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# Interference In Waves

## on Mar 24, 2009

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## Interference In WavesPresentation Transcript

• Interference in waves Water waves.
•
• We can use ripple tanks to explore the ways in which waves interact.
• The water waves produced behave similarly to all other transverse waves, the behaviour of water waves will have parallels in the behaviour of light for example.
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• Twin sources
• If we use twin sources, which are in phase and have the same amplitude some very characteristic patterns appear.
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• Draw concentric lines emanating from two point sources. Use alternate solid and dashed lines to represent peaks and troughs
• Mark points of destructive interference.
• Connect these marks with straight lines using a ruler
•
• If we use double slits this also produces a similar interference pattern as it also gives 2 coherent sets of waves which will affect each other.
•
• Young’ double slits.
• Young’s double slits is a classic experiment examining the interference of light.
• In this experiment a coherent light source is directed at a pair of slits, the light diffracts as it exits the slits and the overlapping light interferes producing a classic interference pattern.
• In most explanations and diagrams a single slit is placed between the source and the double slit to produce a coherent light source.
• We can predict the separation of the maxima produced on the screen using the formula:  = ws D Where: w is the width between the centres of the slits. s is the separation of the fringes. D is the distance between the slits and the screen  is the wavelength of the light source.
• Interference pattern intensity for double slits.
intensity distance The higher the intensity the brighter the fringes. Centre fringe is usually double the width of the others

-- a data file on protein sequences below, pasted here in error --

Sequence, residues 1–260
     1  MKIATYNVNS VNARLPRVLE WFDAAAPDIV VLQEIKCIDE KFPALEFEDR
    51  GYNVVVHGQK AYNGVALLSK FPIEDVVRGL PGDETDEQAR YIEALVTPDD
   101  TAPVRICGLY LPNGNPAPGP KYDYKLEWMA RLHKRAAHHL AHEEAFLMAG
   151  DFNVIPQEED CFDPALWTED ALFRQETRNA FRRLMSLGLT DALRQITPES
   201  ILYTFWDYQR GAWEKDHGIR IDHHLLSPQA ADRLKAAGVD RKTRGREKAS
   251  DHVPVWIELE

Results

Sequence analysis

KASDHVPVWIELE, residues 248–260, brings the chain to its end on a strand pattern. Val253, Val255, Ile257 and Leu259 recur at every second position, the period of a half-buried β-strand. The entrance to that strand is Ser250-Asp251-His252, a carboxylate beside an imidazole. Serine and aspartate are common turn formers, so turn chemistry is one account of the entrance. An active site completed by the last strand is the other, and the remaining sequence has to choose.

•  =ws/D D  =ws s= D  /w
• s = (0.2 x 6E-7)/1E-3
• s = 1.2 E-4
 = 6E-7 D = 20cm w = 1mm Calculate the separation of the fringes (s) screen
• Questions
• A light source of 420nm is shining through a set of double slits 2mm apart, calculate the distance of the screen if the separation of the bright fringes is 1.6 cm.
• Calculate the wavelength of the light source if the minima are 1.08mm apart, the slit separation is 3mm and the screen is 4.5m away.
• If the separation of the maxima is 3mm the screen is at a distance of 6m and the light source has a wavelength of 600nm, calculate the slit separation.
• A light source of 420nm is shining through a set of double slits 2mm apart, calculate the distance of the screen if the separation of the bright fringes is 1.6 cm.
•  = ws/D D = ws/ 
• D = (2E-3 x 1.6E-2)/420E-9
• D = 76 m
• Calculate the wavelength of the light source if the minima are 1.08mm apart, the slit separation is 3mm and the screen is 4.5m away.
•  = ws/D
•  = (3E-3 x 1.08 E-3)/4.5
•  = 7.2E-7 (720nm)
• If the separation of the maxima is 3mm the screen is at a distance of 6m and the light source has a wavelength of 600nm, calculate the slit separation.
•  = ws/D s =  D/w
• s = (600E-9 x 6)/3E-3
• s = 1.2mm
• Interference of sound
• We can apply exactly the same principles used for calculating the position of the maxima in Young’s double slits to sound waves.
Sig gen D s w speakers detector As we move the detector (microphone and CRO/ear) we can detect the maxima and minima for any constant tone being played.
• Questions.
• A constant tone of 450Hz is being played by speakers 2m apart, what is the separation of the maxima at a distance of 2m? What is the separation at 4m?
• At 180 KHz what would the separation of the speakers have to be to produce maxima at 2cm intervals at a distance of 4m?
• Questions.
• A constant tone of 450Hz is being played by speakers 2m apart, what is the separation of the maxima at a distance of 2m? What is the separation at 4m?
•  = ws/D s=  D /w (  = c/f = 330/450 = 0.73)
• s = (0.73 x 2)/2 = 0.73m
• s= (0.73 x 4)/2 = 1.46m
• At 180 KHz what would the separation of the speakers have to be to produce maxima at 2cm intervals at a distance of 4m?
•  = ws/D w=  D /s (  = c/f = 330/180E3 = 1.83E-3)
• w = (1.83E-3 x 4)/0.02
• w = 0.37m